Working Effectively with Personality Disorder
Recorded Thursday, 20 May 2021
This session is about a contemporary approach to helping people who have the problems associated with a ‘personality disorder’ diagnosis. Jo and Sharon will examine how new and effective ways of working need to be more collaborative, system based and promoting of social action. They will explore some of the critical perspectives in their book Working Effectively with ‘Personality Disorder’ to suggest there are three key issues that are problematic with our current service provision. To conclude Jo and Sharon will talk about what they think are the fundamental shifts that should be made, and the way clinicians should think about the work which would orientate us to a new and better direction.
Dr Jo Ramsden
Jo is a Consultant Clinical Psychologist and Clinical Lead for the Yorkshire/Humberside Personality Disorder Partnership (YHPDP). YHPDP is part of Leeds Personality Disorder services and works in partnership with the national probation service as part of the national Offender Personality Disorder (OPD) strategy. Jo is interested in and committed to finding a way of working with people who are, typically, excluded from services and/or whose contact with services has been damaging. The importance of organisational anxiety is, she believes, paramount to helping us find a way of working restoratively with some of the more intractable difficulties and damaging practices. Services and providers can work better where they are able to examine themselves.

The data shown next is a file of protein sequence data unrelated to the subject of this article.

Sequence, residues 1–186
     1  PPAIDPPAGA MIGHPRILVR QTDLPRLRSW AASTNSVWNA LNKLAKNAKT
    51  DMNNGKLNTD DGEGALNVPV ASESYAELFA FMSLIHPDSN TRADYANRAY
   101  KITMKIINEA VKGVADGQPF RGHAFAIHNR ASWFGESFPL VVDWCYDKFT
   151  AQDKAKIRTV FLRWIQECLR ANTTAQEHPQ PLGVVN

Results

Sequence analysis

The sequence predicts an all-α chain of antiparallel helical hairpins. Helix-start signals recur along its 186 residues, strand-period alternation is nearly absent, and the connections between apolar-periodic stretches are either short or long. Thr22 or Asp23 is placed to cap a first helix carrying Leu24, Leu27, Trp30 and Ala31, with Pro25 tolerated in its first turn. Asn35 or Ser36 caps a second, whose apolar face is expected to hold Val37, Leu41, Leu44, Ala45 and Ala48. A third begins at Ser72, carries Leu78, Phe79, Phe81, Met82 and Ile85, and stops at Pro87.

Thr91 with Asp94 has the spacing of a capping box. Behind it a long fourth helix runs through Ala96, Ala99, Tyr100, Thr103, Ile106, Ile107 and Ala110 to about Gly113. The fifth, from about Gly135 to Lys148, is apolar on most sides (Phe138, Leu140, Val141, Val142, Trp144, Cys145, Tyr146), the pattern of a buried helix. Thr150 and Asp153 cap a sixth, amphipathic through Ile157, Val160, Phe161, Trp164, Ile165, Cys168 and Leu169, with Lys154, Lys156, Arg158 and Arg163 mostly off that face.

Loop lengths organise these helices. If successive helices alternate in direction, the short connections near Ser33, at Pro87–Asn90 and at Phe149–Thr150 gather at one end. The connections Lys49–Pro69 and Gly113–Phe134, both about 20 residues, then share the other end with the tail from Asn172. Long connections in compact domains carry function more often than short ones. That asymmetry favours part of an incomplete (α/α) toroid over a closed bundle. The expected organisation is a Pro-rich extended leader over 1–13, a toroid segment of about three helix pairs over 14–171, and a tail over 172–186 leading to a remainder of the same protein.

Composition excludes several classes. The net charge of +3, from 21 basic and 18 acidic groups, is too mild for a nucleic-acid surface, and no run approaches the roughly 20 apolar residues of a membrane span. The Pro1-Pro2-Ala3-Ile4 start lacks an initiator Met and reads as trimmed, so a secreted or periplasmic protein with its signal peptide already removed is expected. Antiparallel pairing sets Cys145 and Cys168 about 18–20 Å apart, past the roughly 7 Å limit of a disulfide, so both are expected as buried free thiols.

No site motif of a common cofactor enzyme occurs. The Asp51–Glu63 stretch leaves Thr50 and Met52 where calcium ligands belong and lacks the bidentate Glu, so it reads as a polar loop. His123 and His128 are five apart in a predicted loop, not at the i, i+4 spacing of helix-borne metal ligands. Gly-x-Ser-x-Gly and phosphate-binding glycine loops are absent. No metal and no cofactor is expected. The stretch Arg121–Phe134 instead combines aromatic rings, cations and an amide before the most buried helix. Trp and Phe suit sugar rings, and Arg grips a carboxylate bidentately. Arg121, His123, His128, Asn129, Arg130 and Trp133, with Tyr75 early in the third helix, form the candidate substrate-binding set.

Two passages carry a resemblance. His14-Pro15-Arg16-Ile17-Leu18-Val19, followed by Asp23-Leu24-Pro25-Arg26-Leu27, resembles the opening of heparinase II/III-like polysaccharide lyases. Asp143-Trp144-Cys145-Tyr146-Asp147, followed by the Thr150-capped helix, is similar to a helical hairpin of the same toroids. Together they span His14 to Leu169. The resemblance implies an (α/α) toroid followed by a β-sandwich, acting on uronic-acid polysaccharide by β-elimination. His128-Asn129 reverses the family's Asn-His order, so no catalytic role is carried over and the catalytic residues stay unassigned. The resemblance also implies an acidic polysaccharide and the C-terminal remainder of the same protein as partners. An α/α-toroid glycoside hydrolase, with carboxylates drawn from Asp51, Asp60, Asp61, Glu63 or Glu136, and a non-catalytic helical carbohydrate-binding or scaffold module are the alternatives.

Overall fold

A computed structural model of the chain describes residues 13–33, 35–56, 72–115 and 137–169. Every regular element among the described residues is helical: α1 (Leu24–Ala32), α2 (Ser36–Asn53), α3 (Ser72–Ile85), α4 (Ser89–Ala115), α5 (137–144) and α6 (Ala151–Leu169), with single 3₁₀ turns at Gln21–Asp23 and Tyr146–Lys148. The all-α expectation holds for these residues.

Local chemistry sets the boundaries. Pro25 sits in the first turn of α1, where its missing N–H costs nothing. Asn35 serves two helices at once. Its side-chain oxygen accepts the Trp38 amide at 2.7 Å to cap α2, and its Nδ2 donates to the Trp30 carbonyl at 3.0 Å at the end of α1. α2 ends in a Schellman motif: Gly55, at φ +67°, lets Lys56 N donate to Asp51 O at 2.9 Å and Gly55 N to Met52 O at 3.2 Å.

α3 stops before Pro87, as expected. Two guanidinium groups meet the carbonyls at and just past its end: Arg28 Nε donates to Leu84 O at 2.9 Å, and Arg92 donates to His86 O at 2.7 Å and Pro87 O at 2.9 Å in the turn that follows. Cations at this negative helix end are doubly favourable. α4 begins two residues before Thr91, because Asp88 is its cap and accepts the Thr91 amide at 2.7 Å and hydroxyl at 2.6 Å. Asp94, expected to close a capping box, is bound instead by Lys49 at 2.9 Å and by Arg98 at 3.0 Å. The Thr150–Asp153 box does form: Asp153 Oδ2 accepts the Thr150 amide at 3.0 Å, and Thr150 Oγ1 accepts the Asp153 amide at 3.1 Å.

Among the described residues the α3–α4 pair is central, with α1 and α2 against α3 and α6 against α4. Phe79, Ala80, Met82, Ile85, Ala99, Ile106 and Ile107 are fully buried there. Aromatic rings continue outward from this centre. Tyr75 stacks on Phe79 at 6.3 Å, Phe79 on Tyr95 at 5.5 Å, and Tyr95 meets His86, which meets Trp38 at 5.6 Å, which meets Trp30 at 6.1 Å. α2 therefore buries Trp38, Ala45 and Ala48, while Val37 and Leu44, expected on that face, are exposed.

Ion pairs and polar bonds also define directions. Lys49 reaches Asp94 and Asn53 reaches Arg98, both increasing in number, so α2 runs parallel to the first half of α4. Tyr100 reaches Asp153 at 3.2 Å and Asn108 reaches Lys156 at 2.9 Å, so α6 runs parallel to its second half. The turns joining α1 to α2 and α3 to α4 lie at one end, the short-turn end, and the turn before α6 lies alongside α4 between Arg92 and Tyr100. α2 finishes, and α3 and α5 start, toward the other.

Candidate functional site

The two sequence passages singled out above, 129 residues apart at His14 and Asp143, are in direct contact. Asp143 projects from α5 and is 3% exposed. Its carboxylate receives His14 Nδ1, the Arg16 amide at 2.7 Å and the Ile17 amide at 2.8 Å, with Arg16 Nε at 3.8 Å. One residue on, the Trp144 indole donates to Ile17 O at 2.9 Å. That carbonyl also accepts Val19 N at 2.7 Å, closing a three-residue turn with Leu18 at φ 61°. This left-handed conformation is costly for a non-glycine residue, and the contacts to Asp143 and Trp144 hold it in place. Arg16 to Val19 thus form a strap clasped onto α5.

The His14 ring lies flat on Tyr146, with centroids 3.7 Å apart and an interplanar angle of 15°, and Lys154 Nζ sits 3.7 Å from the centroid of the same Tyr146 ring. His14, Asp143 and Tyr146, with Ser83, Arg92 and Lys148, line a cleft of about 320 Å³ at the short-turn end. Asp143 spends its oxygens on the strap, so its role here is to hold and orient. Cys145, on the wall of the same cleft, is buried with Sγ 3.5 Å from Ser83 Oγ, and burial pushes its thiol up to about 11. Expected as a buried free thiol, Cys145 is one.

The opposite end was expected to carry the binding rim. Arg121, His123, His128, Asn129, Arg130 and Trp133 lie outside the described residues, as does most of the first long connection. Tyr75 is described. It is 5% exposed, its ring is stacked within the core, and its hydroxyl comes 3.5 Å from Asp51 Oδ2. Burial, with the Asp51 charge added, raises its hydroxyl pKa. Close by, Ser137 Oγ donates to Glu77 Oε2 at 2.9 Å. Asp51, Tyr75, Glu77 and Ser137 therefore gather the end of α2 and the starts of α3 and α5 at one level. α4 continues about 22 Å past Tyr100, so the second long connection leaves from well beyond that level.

Sharon is a Consultant Clinical & Forensic Psychologist and is the Clinical Lead for the Personality Disorder Services within Leeds and also the Strategic Lead for Psychological Professions within Leeds & York Partnerships NHS Foundation Trust. The award winning Personality Disorder Service has a national reputation for being psychologically informed and for continuous innovation. For over twenty years, her career has been spent working with service users who have been marginalised and excluded from services, and with whom services have often struggled to provide accessible and acceptable services. She is passionate about psychologically informed mental health care and how both psychological and social models can be employed to improve service user, carer and staff experiences.